Elie Wiesel, Author, Shmuel Spector, Editor, Geoffrey Wigoder, Editor with Geoffrey Wigoder. NYU Press $395 (1824p) ISBN 978-0-8147-9356-5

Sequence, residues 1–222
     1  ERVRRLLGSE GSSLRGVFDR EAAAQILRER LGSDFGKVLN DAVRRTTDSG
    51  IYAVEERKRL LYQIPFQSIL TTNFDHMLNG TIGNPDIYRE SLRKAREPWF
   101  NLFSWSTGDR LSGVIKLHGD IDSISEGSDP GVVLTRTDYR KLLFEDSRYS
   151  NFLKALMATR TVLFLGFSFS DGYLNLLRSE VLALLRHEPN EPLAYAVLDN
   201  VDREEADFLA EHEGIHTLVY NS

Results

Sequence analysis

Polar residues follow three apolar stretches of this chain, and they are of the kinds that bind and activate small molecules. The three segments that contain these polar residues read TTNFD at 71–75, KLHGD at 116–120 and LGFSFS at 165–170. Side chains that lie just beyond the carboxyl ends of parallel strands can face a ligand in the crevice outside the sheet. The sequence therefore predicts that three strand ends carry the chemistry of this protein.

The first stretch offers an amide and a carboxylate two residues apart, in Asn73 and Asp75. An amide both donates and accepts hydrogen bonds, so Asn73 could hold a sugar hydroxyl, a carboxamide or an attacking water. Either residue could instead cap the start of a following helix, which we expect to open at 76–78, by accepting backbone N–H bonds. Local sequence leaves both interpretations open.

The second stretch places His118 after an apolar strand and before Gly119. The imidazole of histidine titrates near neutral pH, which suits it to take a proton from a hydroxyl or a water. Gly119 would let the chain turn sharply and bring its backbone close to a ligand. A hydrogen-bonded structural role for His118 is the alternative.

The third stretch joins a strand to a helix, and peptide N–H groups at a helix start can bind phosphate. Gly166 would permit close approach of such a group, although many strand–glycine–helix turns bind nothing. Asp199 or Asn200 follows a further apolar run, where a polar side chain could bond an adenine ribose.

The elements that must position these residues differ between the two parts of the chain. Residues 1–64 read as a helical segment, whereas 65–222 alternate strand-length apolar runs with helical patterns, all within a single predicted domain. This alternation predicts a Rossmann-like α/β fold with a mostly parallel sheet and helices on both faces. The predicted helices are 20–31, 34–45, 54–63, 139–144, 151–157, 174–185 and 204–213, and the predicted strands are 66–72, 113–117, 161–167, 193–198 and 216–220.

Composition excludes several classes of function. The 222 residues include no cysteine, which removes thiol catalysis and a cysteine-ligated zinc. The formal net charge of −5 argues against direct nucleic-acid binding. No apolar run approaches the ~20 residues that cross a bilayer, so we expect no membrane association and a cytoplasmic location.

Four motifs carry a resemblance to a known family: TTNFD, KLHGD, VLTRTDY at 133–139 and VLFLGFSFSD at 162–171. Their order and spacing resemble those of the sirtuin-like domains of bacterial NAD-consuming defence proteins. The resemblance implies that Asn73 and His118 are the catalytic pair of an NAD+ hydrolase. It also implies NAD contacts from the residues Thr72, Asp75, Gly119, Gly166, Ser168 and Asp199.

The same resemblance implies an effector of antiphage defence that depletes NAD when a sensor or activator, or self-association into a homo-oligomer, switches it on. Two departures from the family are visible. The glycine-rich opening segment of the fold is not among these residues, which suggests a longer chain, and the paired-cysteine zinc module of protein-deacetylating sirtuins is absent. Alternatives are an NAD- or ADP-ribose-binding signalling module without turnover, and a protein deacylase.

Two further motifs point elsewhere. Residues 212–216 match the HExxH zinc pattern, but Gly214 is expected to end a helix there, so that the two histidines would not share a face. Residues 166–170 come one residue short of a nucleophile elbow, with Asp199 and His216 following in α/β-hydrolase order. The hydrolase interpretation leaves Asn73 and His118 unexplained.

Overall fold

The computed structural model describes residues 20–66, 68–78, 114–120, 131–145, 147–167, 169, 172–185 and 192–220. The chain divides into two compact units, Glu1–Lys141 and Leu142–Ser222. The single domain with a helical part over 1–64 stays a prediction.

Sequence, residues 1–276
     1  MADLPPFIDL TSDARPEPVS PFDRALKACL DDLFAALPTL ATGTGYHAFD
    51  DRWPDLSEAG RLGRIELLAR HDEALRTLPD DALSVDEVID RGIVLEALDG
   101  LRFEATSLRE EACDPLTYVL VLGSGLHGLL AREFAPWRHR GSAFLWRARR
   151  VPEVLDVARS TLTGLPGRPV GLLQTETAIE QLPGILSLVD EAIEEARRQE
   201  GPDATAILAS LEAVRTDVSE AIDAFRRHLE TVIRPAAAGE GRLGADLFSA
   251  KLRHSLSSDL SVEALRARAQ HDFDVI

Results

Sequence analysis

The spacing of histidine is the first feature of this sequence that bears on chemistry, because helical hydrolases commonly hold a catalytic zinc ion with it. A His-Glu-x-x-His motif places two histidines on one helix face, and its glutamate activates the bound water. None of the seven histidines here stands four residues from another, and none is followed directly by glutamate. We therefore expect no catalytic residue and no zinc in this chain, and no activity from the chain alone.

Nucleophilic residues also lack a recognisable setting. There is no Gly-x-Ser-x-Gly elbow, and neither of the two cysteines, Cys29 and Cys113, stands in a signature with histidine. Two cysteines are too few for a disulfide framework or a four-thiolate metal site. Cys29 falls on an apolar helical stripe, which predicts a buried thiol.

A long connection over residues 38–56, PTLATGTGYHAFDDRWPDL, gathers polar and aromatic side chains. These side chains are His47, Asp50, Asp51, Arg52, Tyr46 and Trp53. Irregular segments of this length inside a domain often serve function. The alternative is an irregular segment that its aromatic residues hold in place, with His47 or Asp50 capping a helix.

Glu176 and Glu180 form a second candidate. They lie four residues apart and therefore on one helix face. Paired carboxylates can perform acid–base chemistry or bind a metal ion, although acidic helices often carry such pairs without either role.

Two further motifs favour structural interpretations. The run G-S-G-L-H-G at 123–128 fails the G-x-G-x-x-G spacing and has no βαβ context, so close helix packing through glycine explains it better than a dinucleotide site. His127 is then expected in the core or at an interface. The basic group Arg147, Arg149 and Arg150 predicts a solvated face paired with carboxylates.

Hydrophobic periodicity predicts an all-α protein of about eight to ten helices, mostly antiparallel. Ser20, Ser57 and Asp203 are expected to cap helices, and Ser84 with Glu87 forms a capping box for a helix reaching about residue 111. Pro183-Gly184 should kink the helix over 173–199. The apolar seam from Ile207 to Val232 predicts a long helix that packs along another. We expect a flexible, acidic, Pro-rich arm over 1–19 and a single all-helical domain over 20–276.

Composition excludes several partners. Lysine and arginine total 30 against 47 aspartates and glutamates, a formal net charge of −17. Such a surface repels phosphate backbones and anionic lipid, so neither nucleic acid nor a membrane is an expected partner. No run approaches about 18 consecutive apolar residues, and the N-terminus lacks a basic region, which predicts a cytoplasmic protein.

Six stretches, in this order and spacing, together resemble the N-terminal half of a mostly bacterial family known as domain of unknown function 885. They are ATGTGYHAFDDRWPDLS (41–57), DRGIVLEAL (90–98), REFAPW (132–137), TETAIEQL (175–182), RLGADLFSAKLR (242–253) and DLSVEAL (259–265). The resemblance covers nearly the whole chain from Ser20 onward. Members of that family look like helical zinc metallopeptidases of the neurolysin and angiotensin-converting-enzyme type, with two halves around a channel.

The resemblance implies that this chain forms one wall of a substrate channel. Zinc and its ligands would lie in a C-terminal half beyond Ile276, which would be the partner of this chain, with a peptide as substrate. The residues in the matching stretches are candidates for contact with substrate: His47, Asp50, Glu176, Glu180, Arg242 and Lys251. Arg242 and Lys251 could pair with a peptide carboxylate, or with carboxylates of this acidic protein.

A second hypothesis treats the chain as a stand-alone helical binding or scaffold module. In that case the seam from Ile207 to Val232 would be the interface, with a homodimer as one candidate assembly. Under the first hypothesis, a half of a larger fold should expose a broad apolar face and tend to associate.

This majestic three-volume encyclopedia, abridged from a 30-volume set in Hebrew and with a foreword by Elie Wiesel, chronicles Jewish life before and during the Holocaust. Arranged alphabetically by town, thousands of entries explore centuries of Jewish life. Some entries, particularly for large cities, provide information on Jewish residents as early as the Middle Ages and discuss the fate of Jews during the Black Death persecutions (1348–1349) and various pogroms from the 17th to 20th centuries. Each entry provides vital information on the town's Jewish inhabitants on the eve of German occupation, gives the dates of Jewish roundups and mass executions and estimates how many Jews from that community survived the war. Except in very rare cases (as with Copenhagen), the survival statistics are horrifying. But the encyclopedia offers more than statistics: the numbers come to life through more than 600 black-and-white photographs, most of which are from the archives of Israel's Yad Vashem museum. Here we see the vibrancy of Jewish life before the war—kolkhoz theater groups and swing bands, weddings and riotous Purim parties, shops and synagogues. Several of the photographs depict Jewish military units from WWI; others show Jewish young people looking bored in chemistry class or diligently trying to master the violin during orchestra practice. A final 56-page section entitled "In Memoriam" provides unforgettable, haunting photographs of the Holocaust itself. This three-volume set is a required acquisition for libraries and anyone interested in Jewish studies. (Sept.)